|The Sidmouth Tomb (centre) in the churchyard of St. Mary the Virgin, Mortlake|
Lately, I've been researching the life of Pitt's friend and fellow politician Henry Addington, 1st Viscount Sidmouth (1757-1844). As part of my wanderings, I decided to visit his grave at St. Mary the Virgin in Mortlake near Richmond, London. Sidmouth was by far the longest-lived of all Pitt's friends - dying in February 1844 at the ripe old age of 86. He was the son of William Pitt's father's physician, Dr. Anthony Addington, and thus he was acquainted with Pitt from a formative age. Just two years older than Pitt, he was encouraged by him to take a more active role in politics. In 1789, Addington became Speaker of the House of Commons on Pitt's behest, and he served in that capacity until 1801 when he took over the office of First Lord of the Treasury and Chancellor of the Exchequer. He was Pitt's nominated successor when Pitt resigned in February 1801, and he filled the office of Prime Minister until May 1804, when Pitt returned to office for the second and final time.
|The Sidmouth Tomb|
Henry Addington was raised to the peerage in 1805, becoming the 1st Viscount Sidmouth. He later served as President of the Council and Home Secretary.
|Henry Addington's memorial plaque inside St. Mary the Virgin church|
The memorial plaque dedicated to Henry Addington, Viscount Sidmouth is inside the church. Like many other churches, it has undergone some changes over the centuries, including moving memorial plaques to different locations. Apart from the Tudor bell tower, the rest of St. Mary the Virgin, Mortlake, dates from the early twentieth century.
The inscription on Sidmouth's plaque reads:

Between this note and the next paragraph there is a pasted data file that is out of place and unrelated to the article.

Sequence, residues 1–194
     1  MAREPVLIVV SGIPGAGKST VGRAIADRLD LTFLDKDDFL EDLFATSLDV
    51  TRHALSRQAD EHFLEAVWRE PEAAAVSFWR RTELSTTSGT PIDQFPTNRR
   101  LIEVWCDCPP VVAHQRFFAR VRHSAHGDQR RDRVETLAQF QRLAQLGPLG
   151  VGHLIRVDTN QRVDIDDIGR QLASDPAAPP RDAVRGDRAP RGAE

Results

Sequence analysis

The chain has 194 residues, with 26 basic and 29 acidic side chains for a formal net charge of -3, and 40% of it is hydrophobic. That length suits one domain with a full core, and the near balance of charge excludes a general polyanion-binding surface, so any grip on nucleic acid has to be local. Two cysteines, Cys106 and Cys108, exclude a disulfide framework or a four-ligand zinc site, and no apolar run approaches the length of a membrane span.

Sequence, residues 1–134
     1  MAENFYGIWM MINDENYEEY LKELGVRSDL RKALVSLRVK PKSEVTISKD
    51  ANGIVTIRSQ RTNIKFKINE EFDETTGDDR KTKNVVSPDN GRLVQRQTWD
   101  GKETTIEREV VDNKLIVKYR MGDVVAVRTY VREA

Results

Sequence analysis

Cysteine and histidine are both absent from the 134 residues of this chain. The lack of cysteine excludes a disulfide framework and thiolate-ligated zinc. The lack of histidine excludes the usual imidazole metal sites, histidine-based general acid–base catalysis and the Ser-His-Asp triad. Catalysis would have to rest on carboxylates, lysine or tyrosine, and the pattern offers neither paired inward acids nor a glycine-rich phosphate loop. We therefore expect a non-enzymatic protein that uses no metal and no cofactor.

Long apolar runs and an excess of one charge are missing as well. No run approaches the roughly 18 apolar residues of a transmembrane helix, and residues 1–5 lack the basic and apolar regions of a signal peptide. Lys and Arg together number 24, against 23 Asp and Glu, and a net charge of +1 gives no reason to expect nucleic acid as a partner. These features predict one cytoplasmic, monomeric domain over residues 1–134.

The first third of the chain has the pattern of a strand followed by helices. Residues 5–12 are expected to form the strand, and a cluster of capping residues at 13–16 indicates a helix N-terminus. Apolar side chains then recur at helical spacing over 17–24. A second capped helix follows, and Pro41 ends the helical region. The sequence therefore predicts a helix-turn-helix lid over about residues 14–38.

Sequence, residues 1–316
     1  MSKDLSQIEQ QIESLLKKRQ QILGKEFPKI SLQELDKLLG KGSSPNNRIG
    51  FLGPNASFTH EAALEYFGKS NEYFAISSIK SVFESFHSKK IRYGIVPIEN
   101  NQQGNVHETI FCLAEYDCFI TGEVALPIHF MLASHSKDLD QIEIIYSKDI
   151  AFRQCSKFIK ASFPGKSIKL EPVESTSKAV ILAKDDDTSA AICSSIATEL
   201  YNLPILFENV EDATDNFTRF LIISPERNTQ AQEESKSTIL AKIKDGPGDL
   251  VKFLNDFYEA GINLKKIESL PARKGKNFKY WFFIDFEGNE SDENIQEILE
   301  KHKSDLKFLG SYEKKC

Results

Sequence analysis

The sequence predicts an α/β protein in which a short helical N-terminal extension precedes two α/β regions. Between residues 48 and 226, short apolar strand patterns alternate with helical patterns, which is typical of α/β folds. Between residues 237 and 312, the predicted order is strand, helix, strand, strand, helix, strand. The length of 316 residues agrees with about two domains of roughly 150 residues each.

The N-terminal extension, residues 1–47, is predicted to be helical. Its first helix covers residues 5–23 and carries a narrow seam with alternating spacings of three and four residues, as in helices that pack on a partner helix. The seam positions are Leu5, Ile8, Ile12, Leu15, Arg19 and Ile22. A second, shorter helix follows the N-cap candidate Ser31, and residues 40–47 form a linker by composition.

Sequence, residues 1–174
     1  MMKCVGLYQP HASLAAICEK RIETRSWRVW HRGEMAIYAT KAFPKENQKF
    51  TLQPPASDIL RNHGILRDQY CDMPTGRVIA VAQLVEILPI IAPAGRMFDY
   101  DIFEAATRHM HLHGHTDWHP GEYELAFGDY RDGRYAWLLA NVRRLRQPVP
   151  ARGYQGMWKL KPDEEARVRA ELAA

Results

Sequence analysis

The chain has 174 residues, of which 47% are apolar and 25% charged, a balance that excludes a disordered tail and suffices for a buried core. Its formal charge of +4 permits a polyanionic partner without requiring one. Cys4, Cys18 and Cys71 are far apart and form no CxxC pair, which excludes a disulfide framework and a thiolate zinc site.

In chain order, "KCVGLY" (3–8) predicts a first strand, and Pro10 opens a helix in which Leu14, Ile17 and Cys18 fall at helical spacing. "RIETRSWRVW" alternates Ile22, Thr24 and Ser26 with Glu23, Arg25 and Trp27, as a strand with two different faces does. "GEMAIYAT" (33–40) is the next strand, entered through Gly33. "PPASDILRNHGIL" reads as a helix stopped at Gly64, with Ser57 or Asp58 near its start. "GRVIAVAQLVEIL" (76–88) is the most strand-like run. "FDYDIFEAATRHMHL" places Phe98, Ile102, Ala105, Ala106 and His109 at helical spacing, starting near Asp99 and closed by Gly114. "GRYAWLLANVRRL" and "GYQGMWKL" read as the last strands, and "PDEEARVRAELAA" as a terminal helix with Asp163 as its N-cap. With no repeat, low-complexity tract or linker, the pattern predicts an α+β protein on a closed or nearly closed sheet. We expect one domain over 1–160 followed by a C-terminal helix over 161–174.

"In the vault beneath this church is deposited the body of the Right Honourable Henry Addington, Viscount Sidmouth. A statesman and a Christian. A statesman through nearly half a century of service in the highest offices of England. Faithful to his Sovereign and devoted to his country, and a Christian even from youth to extreme old age in every relation of public, social, and private life. Firm and consistent in religious principle, who having lived in charity towards all men, died in cheerful, thankful submission to God, placing all his hope in the Lord, his Saviour. He was born May 30, 1757, and died February 15, 1844. Buried one Ursula Mary, daughter and co-heiress of Leonard Hammond, Esq., and two Mary Anne, daughter and heiress, William Scott, Lord Stowell."
It is evident from the inscription on the memorial plaque that Sidmouth was buried inside the church, and not in the Sidmouth Tomb in the churchyard. The exact location of his burial place is impossible to determine, especially given all the architectural changes that have taken place in the church. Of interest, The Sidmouth Tomb in the churchyard was constructed for the burial of Addington's first wife Ursula Mary in 1811. It originally had iron railings around it, but they were removed during the Second World War as part of the war effort.
|Two memorial plaques: Henry Addington's eldest son, Henry (top), and his daughter Mary Anne Ursula (bottom)|
There are also two additional memorial plaques dedicated to members of the Addington family. One is for Henry Addington's eldest son, the Right Honourable Henry, and the other is to the memory of Addington's eldest child Mary Anne Ursula.
|A view of the three Addington memorial plaques inside St. Mary the Virgin church|
There's surely an error in the transcription given above of the Sidmouth plaque - for 'buried' it surely should read 'married'? Thanks all the same for the interesting information re an unjustly neglected statesman.ReplyDelete